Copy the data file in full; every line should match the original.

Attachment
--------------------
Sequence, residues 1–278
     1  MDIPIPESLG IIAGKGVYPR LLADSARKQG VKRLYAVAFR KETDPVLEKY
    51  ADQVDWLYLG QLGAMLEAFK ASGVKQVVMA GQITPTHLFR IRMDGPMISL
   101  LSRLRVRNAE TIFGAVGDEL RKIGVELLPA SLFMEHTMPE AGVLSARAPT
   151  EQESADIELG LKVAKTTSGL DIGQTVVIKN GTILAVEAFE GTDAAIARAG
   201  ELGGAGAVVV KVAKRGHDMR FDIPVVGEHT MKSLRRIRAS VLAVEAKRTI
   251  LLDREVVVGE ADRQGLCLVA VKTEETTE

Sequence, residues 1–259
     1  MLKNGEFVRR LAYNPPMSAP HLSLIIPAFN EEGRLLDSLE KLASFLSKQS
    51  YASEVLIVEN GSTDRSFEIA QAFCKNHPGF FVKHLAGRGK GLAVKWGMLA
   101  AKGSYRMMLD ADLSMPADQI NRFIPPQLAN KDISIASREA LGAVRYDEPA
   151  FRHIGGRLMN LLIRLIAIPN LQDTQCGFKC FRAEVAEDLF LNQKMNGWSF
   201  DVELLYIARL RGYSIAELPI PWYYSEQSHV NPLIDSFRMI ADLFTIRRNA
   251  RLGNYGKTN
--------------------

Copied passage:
Sequence, residues 1–278
     1  MDIPIPESLG IIAGKGVYPR LLADSARKQG VKRLYAVAFR KETDPVLEKY
    51  ADQVDWLYLG QLGAMLEAFK ASGVKQVVMA GQITPTHLFR IRMDGPMISL
   101  LSRLRVRNAE TIFGAVGDEL RKIGVELLPA SLFMEHTMPE AGVLSARAPT
   151  EQESADIELG LKVAKTTSGL DIGQTVVIKN GTILAVEAFE GTDAAIARAG
   201  ELGGAGAVVV KVAKRGHDMR FDIPVVGEHT MKSLRRIRAS VLAVEAKRTI
   251  LLDREVVVGE ADRQGLCLVA VKTEETTE

Sequence, residues 1–259
     1  MLKNGEFVRR LAYNPPMSAP HLSLIIPAFN EEGRLLDSLE KLASFLSKQS
    51  YASEVLIVEN GSTDRSFEIA QAFCKNHPGF FVKHLAGRGK GLAVKWGMLA
   101  AKGSYRMMLD ADLSMPADQI NRFIPPQLAN KDISIASREA LGAVRYDEPA
   151  FRHIGGRLMN LLIRLIAIPN LQDTQCGFKC FRAEVAEDLF LNQKMNGWSF
   201  DVELLYIARL RGYSIAELPI PWYYSEQSHV NPLIDSFRMI ADLFTIRRNA
   251  RLGNYGKTN